In response to the growing privacy concerns around personal data, the Australian Government recently passed the Privacy Amendment (Notifiable Data Breaches) Act 2017 (Cth) (the ‘New Data Breach Notification Laws’).
The new data breach notification laws impose mandatory investigation and notification requirements on various businesses. Importantly, these requirements will apply to most businesses with an annual turnover greater than $3 million, with some limited exceptions. The legislation will come into effect by 22 February 2018.
In short, if your business has IT contracting arrangements that involve disclosure or use of personal information of your employees or customers to suppliers (including overseas-based suppliers), then these new requirements will almost certainly apply to you very soon.
In addition to the penalties that repeated or serious failures to comply with the laws can bring (up to $360,000 for individuals and $1.8 million for companies), the costs associated with investigating and rectifying data breaches, defending litigation and ultimately reputational damage and lost business, are potentially immense.
With this in mind, we have put together a concise guide on what these new requirements mean and key takeaways on what your business should be thinking about to ensure that it is compliant with the laws.
‘Eligible data breach’
The legislation centres around the concept of an ‘eligible data breach’. This occurs if:
a) There is unauthorised access to or disclosure of personal information held by an entity; or
b) personal information is lost in circumstances where unauthorised access or disclosure is likely to occur and, assuming such a disclosure did occur, that would be likely to result in serious harm to any of the individuals to whom the information relates.
‘Personal information’ is information or an opinion about an identified individual (regardless of whether it is true or recorded in material form), or an individual who is reasonably identifiable. This includes information such as names, addresses, emails, credit card details, tax file numbers, health information and similar information.
What is required if an ‘eligible data breach’ occurs
The diagram below sets out a summary of how businesses may assess and handle ‘eligible data breaches’ under the new laws.
What this means for your IT supplier arrangements
Any IT contract (such as your supplier contracts) that involves your business disclosing or receiving personal information should be reviewed to ensure that it complies with the laws. In particular, you should consider the following:
- Do your contracts expressly require the supplier to comply with the provisions of the laws? Don’t just rely on broad catch-all provisions requiring the supplier to “act in accordance with the Privacy Act 1998 (Cth)”. While the data breach notification provisions are amendments to the Privacy Act, the supplier may be unaware of them.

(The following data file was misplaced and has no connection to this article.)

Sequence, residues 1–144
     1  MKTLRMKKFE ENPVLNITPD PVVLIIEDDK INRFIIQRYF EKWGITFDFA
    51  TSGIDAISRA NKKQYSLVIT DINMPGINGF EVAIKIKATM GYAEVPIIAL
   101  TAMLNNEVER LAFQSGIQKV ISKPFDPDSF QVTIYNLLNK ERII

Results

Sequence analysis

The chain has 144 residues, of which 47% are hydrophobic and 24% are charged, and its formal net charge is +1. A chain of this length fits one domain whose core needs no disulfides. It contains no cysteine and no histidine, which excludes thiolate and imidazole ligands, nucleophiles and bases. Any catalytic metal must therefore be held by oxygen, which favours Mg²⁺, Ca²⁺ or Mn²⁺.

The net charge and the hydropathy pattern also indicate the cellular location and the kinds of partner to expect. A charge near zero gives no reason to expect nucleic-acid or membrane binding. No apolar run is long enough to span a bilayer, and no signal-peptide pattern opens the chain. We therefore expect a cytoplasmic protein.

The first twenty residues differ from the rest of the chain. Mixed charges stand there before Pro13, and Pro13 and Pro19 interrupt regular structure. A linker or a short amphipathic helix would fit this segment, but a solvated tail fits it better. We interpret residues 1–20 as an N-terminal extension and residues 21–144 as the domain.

- Do your contracts give you control over determining whether an ‘eligible data breach’ has occurred? Your supplier should be required to inform you of any ‘data breach’ (a term that should be defined broadly enough to capture both deliberate third-party breaches and inadvertent supplier disclosures). Consider retaining the right to then determine whether the breach is ‘likely to result in serious harm’ to the person to whom the information relates and ultimately whether it constitutes an ‘eligible data breach’.
- Is the supplier contractually obliged to take action to remedy the data breach and mitigate its consequences? The supplier should be required to do this as well as comply with your directions regarding handling data breaches.
- What are the timeframes for dealing with a suspected breach and who should notify? The laws require an entity that suspects that there may have been an eligible data breach to complete an assessment within 30 days, so time management between you and the supplier must be accommodated. Only one affected entity is required to carry out this assessment, so consideration needs to be made as to who does this and who bears the costs associated.
- Do you retain control over communications with affected third parties? Where both you and your supplier are affected by a data breach, only a single notice by one of you will be required. The potential communications by your supplier to the OAIC or affected individuals will need to be carefully managed and will require consultation with you (and preferably your prior approval).
What businesses should be doing to comply
It is important for your business to ensure compliance with the laws by implementing internal processes to meet the assessment and notification requirements. This may include training your staff around the new laws.
Make sure that your personnel and systems can quickly detect data breaches. This may involve conducting a privacy information assessment and/or implementing a data breach response plan (DBRP), and testing these regularly. If you already have a DBRP, you should review and update this plan to ensure it caters for the laws.
Review your existing supplier contracts and ensure that appropriate amendments are made so that your supplier is aware of and assists with, your requirements for the laws.
Review your template or standard form suite of documents to ensure they also cater for the new legislation.
Albert Yuen is a special counsel and Liam Mulvey is a lawyer in the technology, media and telecommunications team of Gilbert + Tobin (Melbourne) specialising in complex technology, cloud and data transactions.
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